For reasons completely beyond me, I’m on the Republican National Committee’s junk mail list. This morning, I received the strangely bad survey they’ve been taking to try to figue out what they’re doing wrong and what they can do to fix it.
Partisan feelings aside (for the moment), this isn’t a horrible idea; there’s nothing wrong with trying to survey your membership, or failing that, survey people you’ve misidentified as your membership (my hunch is that this dates back to my signing up for McCain’s email list back in 2004 when we all thought he was going to switch parties, but who knows). The problem, of course, is simply that the execution is possibly among the worst I’ve seen. You’d think they’d have asked a Republican pollster to come up with a professionally-written instrument, but thankfully, they didn’t: let’s make fun of it.
Random capitalization aside (more on that shortly), what the heck is up with the “Need to Lead in Congress” choice? If they’re trying to list perceived weaknesses, wouldn’t it need to be constructed differently, like “failure to lead in Congress,” or “lack of leadership in Congress,” or other words to that effect? “Standing up for Principles” isn’t much better — as worded, it’s impossible to tell if the poll is suggesting that Republicans are weak as a party because they stand up for their principles (which aren’t popular enough to help them win elextions) or if they’re saying Republicans are weak as a party because they don’t stand up for their principles enough. Either interepetation could make sense, but the pollster apparently wants us to figure it out for ourselves.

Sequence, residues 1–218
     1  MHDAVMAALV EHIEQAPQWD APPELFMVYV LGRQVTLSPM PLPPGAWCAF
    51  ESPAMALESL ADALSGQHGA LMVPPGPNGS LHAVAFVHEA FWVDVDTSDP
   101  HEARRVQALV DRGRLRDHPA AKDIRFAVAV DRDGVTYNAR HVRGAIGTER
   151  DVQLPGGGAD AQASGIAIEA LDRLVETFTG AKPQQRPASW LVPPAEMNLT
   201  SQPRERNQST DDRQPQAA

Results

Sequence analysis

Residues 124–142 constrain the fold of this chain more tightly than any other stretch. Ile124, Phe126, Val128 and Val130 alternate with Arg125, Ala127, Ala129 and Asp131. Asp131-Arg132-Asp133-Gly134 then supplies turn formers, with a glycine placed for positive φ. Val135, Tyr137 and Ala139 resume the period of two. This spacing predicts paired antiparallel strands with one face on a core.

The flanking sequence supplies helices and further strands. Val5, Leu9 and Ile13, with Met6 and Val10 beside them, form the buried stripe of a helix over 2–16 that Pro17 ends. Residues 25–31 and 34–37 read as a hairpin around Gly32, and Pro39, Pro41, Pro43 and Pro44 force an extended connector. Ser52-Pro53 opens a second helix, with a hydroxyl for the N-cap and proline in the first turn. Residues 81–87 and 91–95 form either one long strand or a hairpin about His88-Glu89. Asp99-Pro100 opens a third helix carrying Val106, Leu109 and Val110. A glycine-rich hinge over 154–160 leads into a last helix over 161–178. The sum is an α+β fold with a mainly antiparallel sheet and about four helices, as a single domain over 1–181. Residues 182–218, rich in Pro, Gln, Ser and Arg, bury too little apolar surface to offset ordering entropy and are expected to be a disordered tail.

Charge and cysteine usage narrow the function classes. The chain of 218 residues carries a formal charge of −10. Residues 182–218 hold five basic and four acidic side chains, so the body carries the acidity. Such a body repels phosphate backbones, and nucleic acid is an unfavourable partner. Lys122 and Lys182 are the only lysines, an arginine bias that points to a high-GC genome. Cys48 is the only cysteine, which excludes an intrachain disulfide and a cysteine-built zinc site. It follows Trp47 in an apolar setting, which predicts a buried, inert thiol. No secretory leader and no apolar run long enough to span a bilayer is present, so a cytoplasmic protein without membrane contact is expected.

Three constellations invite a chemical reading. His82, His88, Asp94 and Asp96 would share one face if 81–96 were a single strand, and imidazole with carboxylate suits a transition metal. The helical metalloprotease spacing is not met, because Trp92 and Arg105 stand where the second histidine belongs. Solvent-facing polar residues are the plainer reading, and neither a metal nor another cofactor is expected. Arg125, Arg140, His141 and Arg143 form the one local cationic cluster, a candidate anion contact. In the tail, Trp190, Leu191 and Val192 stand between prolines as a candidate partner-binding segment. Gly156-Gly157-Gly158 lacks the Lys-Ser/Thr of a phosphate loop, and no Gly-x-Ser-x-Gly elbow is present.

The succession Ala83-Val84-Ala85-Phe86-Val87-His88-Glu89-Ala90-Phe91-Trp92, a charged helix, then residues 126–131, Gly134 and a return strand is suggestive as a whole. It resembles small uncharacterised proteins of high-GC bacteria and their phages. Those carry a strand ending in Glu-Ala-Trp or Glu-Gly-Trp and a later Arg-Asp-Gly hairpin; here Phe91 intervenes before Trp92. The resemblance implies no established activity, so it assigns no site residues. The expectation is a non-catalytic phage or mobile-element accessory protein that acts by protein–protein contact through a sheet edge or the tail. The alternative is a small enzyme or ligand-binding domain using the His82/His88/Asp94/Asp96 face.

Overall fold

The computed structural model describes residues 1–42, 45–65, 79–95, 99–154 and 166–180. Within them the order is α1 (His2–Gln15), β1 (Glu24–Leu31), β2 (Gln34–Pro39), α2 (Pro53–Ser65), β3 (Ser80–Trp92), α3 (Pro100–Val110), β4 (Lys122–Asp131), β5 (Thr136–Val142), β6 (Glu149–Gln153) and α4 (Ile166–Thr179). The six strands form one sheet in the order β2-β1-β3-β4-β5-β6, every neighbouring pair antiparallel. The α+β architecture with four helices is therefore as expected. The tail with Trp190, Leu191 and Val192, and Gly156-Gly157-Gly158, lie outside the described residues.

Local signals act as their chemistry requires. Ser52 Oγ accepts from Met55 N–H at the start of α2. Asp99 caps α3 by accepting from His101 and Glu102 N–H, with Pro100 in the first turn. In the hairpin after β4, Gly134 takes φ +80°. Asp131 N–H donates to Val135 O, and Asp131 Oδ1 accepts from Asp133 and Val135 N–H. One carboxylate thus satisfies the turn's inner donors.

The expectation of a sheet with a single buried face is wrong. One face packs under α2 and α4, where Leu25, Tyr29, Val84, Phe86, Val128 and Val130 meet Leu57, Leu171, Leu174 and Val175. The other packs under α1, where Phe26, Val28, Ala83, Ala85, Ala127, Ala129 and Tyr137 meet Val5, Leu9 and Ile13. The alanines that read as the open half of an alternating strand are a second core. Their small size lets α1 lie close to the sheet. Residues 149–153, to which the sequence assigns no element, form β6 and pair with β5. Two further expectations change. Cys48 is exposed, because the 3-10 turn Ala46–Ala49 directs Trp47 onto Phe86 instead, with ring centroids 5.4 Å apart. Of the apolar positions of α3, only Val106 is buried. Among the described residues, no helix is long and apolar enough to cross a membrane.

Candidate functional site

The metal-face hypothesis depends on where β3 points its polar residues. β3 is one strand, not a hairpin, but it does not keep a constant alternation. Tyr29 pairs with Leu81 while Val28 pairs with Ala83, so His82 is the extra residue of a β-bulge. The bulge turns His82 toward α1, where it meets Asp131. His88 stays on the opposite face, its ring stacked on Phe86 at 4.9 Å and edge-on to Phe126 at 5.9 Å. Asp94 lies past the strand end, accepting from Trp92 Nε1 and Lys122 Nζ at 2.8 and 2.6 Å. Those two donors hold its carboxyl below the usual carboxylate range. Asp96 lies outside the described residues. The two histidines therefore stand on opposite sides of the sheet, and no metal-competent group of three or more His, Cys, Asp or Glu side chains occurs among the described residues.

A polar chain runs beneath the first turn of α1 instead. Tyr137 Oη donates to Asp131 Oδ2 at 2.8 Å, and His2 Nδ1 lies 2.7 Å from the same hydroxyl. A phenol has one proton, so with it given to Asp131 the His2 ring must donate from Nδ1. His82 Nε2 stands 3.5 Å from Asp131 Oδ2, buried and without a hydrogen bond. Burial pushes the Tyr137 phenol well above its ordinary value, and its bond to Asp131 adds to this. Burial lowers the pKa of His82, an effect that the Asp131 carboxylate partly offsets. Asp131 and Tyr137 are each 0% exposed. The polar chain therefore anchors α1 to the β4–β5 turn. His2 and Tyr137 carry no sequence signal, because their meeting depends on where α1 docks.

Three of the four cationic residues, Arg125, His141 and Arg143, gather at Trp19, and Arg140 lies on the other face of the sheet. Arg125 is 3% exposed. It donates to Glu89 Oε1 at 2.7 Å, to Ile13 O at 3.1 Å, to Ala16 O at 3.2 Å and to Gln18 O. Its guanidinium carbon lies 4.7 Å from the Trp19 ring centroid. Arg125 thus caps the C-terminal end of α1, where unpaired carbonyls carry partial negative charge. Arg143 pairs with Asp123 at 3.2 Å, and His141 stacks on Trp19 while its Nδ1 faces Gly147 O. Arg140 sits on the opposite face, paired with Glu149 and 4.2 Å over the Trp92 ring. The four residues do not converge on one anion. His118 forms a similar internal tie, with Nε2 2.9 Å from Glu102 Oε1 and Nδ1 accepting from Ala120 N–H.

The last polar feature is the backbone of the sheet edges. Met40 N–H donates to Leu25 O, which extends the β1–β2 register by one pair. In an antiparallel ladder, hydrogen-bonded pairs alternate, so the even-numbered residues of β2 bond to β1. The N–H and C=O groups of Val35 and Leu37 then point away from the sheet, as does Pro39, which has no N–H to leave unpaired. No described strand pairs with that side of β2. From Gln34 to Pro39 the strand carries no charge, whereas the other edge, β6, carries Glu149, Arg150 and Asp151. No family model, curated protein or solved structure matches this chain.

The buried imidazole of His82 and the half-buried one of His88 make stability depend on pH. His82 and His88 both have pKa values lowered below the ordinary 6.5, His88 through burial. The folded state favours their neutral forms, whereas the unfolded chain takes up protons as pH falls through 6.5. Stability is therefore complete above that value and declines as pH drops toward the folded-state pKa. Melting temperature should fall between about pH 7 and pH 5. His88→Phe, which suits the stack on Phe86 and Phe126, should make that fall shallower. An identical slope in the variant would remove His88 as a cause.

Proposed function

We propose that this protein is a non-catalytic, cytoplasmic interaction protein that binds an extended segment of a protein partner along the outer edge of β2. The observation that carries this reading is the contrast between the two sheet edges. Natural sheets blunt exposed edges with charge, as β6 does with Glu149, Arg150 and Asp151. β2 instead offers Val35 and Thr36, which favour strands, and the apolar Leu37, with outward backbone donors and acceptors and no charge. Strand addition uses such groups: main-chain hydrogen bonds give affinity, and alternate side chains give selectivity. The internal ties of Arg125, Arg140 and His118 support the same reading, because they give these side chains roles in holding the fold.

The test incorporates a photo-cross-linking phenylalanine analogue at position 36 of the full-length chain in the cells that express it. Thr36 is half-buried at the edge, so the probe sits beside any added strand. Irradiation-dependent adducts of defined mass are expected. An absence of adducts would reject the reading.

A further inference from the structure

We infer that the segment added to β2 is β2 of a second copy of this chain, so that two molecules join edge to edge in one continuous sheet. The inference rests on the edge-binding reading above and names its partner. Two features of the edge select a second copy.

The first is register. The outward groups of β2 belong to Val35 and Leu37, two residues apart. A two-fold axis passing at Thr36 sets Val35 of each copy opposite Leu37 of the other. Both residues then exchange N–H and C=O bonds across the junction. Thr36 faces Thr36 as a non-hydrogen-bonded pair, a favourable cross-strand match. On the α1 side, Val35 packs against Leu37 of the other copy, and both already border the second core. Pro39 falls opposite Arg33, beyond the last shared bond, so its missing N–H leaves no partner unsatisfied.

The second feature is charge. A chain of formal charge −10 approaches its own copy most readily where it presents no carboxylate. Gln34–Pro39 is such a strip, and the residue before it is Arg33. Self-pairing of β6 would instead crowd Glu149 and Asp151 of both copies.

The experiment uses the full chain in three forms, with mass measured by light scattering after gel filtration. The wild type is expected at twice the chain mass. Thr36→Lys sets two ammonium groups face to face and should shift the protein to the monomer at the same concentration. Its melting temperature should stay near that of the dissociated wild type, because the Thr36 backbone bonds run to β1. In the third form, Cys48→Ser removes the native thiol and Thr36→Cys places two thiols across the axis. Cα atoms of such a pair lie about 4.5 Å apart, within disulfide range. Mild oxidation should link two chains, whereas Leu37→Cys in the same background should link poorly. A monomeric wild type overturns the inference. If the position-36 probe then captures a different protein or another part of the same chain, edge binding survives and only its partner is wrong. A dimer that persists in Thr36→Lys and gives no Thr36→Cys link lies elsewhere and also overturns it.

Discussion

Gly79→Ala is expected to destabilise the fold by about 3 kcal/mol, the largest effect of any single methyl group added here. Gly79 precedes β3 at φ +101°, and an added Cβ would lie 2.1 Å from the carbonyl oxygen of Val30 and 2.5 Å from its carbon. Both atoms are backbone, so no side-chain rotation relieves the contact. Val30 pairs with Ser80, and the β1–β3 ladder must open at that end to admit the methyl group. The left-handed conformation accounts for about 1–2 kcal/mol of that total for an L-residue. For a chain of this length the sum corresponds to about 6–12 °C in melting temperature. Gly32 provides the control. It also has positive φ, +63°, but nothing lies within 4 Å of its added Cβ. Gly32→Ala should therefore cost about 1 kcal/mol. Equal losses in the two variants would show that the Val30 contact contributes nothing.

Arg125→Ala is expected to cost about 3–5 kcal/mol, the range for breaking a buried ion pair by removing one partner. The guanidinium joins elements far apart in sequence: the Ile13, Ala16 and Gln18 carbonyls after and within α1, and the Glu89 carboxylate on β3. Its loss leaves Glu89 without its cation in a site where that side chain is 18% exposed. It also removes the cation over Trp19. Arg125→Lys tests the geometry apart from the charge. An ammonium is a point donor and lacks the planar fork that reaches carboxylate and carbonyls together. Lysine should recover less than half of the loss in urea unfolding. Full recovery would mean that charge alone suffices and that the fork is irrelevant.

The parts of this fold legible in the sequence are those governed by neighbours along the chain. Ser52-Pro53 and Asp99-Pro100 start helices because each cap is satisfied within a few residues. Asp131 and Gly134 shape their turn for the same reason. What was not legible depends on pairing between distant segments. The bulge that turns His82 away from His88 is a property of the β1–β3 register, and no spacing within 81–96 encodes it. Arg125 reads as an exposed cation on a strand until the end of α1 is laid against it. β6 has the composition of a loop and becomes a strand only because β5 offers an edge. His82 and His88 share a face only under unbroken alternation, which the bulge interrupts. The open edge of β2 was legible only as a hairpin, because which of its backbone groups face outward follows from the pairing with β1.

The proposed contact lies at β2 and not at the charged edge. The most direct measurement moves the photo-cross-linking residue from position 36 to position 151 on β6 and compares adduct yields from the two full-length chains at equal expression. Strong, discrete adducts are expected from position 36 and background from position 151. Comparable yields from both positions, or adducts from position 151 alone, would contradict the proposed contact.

Also, take a look at the preceeding question, which asked what the party’s biggest strengths were:
I’m certain this would be an unpopular view at GOP Headquarters, but couldn’t the case be made that every single one of those items should also be in the weakness box? Isn’t it possible there are some actual Republicans who believe the party’s focus on “values” issues like gay marriage turned off moderate voters who might have been receptive to a message focused solely on fiscal responsibility?
I don’t even know where to begin with this mess, so let’s just leave it here as an example of what a biased poll question looks like.
Why are Those Things Capitalized In That Way?
Two separate problems here, and they’re both fairly common. First, obviously, the “scare quotes,” the use of “wasteful” to modify “government spending,” and the hilarious “Pelosi-Reid Democrats” label — is that supposed to be like “Reagan Democrats” or something? Who identifies with a Speaker of the House/Senate Majority Leader enough that it works as a label? Whatever. The other problem here is very common, and I see it all the time, and I think most people miss it: they’re setting up a question where the respondent has to choose a positive answer choice — “yes,” in this example — if they want to vote for a negative answer choice, “oppose.” This creates just enough of a moment of confusion in the respondent’s mind that it should be avoided, especially because there’s nearly ever a need for it. “Should Republicans in Congress support or oppose the new blah blah blah,” with “support” and “oppose” as the two answer choices — that’s much simpler and avoids that dangerous construction entirely.
This just amuses me — shouldn’t it be “instead of you and your doctor and the non-doctors who make the decisions at your insurance company?”
This was my favorite part, though. (It’s actually the first item in the survey, but I saved it for last.) The email address field was pre filled-in, by the way, and my email address was also in the survey’s URL. That’s one way to make sure no one fills in the “other” blanks with anything you don’t want to hear, I guess.